International Journal of Tropical Insect Science

, Volume 15, Issue 6, pp 621–631 | Cite as

The Future Role of Biotechnology in Integrated Pest Management

  • E. O. Osir
  • F. Gould


Crop losses caused by pests are a major problem in both developed and developing countries. Increasing awareness of the environmental consequences of indiscriminate use of chemical pesticides has provided new impetus for the search for alternative ways of managing pests. Particular emphasis has been placed on strategies that cause less pollution to the environment and those that are affordable, especially for the less developed countries. One concept that has received a lot of attention is integrated pest management (IPM), which seeks to manage pests and minimise crop losses by using methods that are economically viable and less harmful to the environment. At least three distinct classes of new biotechnologies can have impacts on integrated pest management. These include microbial biotechnologies, plant molecular biology and genetics, and insect molecular biology and genetics. For example, recent advances in molecular biology have enabled scientists to overcome species barriers and to genetically alter plants, animals and microorganisms in ways that were not possible before. Already, several genetically altered plants which express genes that confer protection against pests have been produced. The techniques of biotechnology have also played important roles in elucidating pest populations and in studying the population dynamics of biological control agents and other types of organisms that live in association with crop plants. This article examines some of the major developments in the areas of molecular biology, genetics and biotechnology and the potential impacts that they could have on integrated pest management worldwide.


biotechnology IPM agriculture developing countries 


Les pertes causées aux cultures par les ravageurs posent un problème majeur aussi bien dans les pays développés que ceux en développement. Une prise de conscience accrue vis-à-vis des conséquences environnementales de l’usage indiscriminé des pesticides chimiques a donné un nouvel élan à la recherche des solutions possibles pour le contrôle des ravageurs. Un accent particulier a été missur des stratégies occasionnant moins de pollution sur l’environnement et celles qui sont moins onéreuses, particulièrement pour les pays moins développés. Un des concepts qui a le plus attiré l’attention est celui de la lutte dirigée (IPM). La lutte dirigée cherche à contrôler les ravageurs et à minimiser les pertes sur les cultures en utilisant des méthodes qui soient économiquement viables et moins nuisibles à l’environnement.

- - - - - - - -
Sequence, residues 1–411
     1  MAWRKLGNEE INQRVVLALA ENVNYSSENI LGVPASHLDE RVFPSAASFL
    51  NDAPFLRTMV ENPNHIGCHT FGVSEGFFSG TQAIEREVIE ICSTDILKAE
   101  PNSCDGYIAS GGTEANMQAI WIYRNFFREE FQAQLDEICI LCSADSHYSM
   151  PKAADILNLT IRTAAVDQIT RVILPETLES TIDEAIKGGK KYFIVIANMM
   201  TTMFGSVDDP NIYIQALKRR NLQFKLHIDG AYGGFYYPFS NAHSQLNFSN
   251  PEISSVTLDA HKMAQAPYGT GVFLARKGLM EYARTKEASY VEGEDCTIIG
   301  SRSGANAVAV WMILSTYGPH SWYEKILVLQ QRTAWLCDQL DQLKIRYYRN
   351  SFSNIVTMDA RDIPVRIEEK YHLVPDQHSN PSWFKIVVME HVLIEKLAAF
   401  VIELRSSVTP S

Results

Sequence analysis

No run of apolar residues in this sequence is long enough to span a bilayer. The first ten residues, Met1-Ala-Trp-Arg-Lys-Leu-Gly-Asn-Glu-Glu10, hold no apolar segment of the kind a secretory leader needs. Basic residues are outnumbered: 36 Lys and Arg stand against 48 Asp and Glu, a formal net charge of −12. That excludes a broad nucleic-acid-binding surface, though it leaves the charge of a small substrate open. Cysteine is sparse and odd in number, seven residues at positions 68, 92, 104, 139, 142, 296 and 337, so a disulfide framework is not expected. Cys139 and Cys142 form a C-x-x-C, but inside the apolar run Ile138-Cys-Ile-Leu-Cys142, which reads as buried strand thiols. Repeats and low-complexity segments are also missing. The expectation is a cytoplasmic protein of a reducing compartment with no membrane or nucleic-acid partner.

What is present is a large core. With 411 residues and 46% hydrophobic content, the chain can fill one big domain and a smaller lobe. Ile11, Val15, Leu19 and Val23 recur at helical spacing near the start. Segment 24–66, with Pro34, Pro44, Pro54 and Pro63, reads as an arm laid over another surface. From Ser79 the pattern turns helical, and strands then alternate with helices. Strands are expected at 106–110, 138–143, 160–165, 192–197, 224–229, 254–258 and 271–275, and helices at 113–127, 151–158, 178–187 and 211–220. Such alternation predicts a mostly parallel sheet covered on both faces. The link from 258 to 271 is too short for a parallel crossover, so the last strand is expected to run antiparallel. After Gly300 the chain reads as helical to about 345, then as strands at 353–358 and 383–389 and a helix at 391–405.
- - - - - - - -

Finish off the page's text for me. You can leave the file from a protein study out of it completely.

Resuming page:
Au moins 3 classes distinctes de biotechnologies nouvelles peuvent avoir de l’impact sur la lutte dirigée. II s’agit de la biotechnologie microbienne, la biologie et génétique moléculaire végétale, et la biologie et génétique moléculaire de l’insecte. Par exemple, des progrès récentes en biologié moléculaire ont permis aux scientifiques d’aller au délà des barrières des espèces et d’altérer par voie génétique des plantes, des animaux et des microorganismes d’une façon qui n’était pas possible auparavant Déja, plusieurs plantes modifiées par voie génétique et avec expression des gènes conferrant la protection centre des ravageurs ont été produites. Les techniques de biotechnologie ont aussi joué un important rôle dans l’élucidation des populations de ravageurs et dans l’étude de la dynamique des populations des agents de lutte biologique et d’autres types d’organismes vivant en association avec les plantes de cultures. Cet article examine certains développements majeurs dans les domaines de biologie moléculaire, de génétique et de biotechnologie et des impacts potentieles qu’ils pourraient avoir sur la lutte dirigée.

Mots Clés

biotechnologie IPM agriculture pays en voie de développement 


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Copyright information

© ICIPE 1994

Authors and Affiliations

  • E. O. Osir
    • 1
  • F. Gould
    • 2
  1. 1.The International Centre of Insect Physiology and EcologyNairobiKenya
  2. 2.Department of EntomologyNorth Carolina State UniversityRaleighUSA

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